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‘Garden City’ plans for new homes, schools and roads on edge of Carlisle

Published on: Friday 11th November 2016
Categorised under: Live , Carlisle, Community, Cumbria, Investment

Crucial support to transform the south of Carlisle with up to 10,000 new homes, schools, businesses and roads is being sought.

Carlisle City Council is looking far into the future with their vision of how the city could look in 30 years.

It has applied for Government funding to develop a masterplan for land to the south of Carlisle, in the Carleton, Durdar and Cummersdale areas, which are earmarked for substantial development from 2025 onwards as part of a so-called Garden City.

The council believes the Carlisle South area presents an opportunity to provide up to 10,000 new homes.

Development of these houses would not start until a proper masterplan is in place, which will not happen until at least 2019. It would take between 20 and 30 years to complete.

The majority of the land in this area is currently privately owned.

And to support this housing development, the council says there is a need for primary and secondary schools, employment and retail sites, community facilities and open space in the Carlisle South area.

Other infrastructure, including highways and transport, is also being looked into.

The council says the potential for a road linking junction 42 of the M6 with the southern end of the A689 ring road will be an integral part of the scheme.

It is thought this could improve important links between the east and west of the county at a time when west Cumbria is seeing unprecedented levels of investment in the energy sector.

Carlisle City Council has already secured £250,000 from the Homes and Community Agency and is now bidding for funding from the Government’s Garden City programme to develop its plan for Carlisle South. Further Government support will be vital in pushing the landmark scheme to its next stage.

Jane Meek, corporate director of economic development at the council, said it was important to plan Carlisle South properly, rather than by piecemeal development because large scale infrastructure was critical.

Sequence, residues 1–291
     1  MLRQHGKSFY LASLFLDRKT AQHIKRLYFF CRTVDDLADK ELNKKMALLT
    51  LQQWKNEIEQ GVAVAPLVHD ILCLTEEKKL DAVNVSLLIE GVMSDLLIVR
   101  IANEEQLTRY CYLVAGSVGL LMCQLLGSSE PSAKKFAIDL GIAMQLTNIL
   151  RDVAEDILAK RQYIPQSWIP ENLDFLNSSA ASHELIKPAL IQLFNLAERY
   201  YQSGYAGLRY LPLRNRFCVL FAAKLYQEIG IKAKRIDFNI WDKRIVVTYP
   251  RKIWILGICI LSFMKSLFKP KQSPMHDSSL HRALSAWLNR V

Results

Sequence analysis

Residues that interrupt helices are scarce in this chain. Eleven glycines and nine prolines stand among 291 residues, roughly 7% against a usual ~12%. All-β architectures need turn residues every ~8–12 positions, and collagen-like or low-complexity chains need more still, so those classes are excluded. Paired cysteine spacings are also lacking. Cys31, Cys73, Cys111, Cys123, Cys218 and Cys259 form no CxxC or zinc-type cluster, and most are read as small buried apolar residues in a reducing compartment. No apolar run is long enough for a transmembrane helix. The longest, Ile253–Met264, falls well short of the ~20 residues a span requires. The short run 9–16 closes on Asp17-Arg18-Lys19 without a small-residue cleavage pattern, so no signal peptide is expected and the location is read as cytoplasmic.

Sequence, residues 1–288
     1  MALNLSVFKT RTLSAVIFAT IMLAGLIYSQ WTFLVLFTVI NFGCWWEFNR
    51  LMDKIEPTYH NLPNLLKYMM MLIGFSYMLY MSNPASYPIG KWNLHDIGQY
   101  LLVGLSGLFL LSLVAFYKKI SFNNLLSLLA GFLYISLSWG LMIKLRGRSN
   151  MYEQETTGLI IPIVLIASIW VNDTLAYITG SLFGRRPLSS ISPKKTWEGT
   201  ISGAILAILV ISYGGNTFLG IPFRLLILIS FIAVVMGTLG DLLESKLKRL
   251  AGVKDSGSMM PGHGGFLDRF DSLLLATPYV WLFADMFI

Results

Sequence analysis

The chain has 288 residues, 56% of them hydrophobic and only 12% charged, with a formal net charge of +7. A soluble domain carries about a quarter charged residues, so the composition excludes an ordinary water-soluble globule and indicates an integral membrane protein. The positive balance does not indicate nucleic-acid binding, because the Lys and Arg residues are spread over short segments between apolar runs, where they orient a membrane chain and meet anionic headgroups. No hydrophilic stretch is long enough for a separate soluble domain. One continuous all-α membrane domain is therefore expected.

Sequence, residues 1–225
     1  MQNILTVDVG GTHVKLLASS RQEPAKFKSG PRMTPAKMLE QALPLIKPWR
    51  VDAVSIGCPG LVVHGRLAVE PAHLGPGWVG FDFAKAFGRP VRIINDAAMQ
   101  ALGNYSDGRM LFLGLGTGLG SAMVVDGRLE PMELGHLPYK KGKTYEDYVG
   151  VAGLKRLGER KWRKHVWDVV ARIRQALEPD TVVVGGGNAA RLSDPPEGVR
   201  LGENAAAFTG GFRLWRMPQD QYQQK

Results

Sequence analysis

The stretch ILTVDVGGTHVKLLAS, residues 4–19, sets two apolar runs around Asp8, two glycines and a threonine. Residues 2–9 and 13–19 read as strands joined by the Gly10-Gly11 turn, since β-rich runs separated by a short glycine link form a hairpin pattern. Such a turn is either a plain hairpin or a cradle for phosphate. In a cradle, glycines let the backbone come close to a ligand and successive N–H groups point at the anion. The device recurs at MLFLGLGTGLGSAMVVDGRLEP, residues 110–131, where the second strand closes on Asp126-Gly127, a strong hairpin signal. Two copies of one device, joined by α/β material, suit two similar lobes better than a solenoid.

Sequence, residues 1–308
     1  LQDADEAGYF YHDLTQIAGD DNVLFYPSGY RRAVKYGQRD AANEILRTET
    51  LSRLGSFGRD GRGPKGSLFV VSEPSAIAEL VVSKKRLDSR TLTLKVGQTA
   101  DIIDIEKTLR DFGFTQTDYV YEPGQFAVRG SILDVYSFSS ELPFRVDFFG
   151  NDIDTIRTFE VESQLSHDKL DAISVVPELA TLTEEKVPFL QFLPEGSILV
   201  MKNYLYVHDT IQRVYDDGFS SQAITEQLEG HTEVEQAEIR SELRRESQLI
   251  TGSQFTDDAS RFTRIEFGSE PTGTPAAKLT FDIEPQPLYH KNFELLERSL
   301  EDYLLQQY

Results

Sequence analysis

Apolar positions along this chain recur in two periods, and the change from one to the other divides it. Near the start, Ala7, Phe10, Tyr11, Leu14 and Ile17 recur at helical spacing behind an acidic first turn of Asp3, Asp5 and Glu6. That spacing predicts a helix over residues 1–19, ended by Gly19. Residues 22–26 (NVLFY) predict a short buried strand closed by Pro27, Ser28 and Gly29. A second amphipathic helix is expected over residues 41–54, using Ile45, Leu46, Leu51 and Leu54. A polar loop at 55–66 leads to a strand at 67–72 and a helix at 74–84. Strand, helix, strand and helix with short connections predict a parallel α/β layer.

She said: “We’re seeking funding from Government to help us plan out really carefully what this area should look like. If we let it develop naturally we might end up with just housing or housing in the wrong place. We want good things that are important from the city’s point of view like green places and schools.”

Mrs Meek stressed health and well-being and fostering communities were also an important part of the development.

The masterplan will include assessments of the landscapes, where green spaces should be, what community facilities and how many schools are needed, potential business and retail development sites and routes for roads.

Some areas of Carlisle South are within flood zones as they are in close proximity to the rivers Petteril and Caldew.

Part of the masterplan would look into how to alleviate flooding downstream and develop the area in such a way that flooding is not an issue.

The council should know by Christmas whether it has secured the funding from the Garden City programme.

“This is the start of the journey,” said Mrs Meek. “It’s a journey that will take us a number of years to complete.”

The masterplan looks ahead beyond the Carlisle District Local Plan 2015-2030 that was approved at a recent council meeting.

A council spokeswoman said: “The plan has been consulted upon at every step of the way as it has emerged, responding to such consultations by refining and amending the policies and allocations within. We would like to thank all who have participated in the process and ultimately helped to shape the now adopted plan.

“Attention will now turn to preparing a small number of additional planning documents to complement the Local Plan, the progress of which, including opportunities to have your say, can be followed at”

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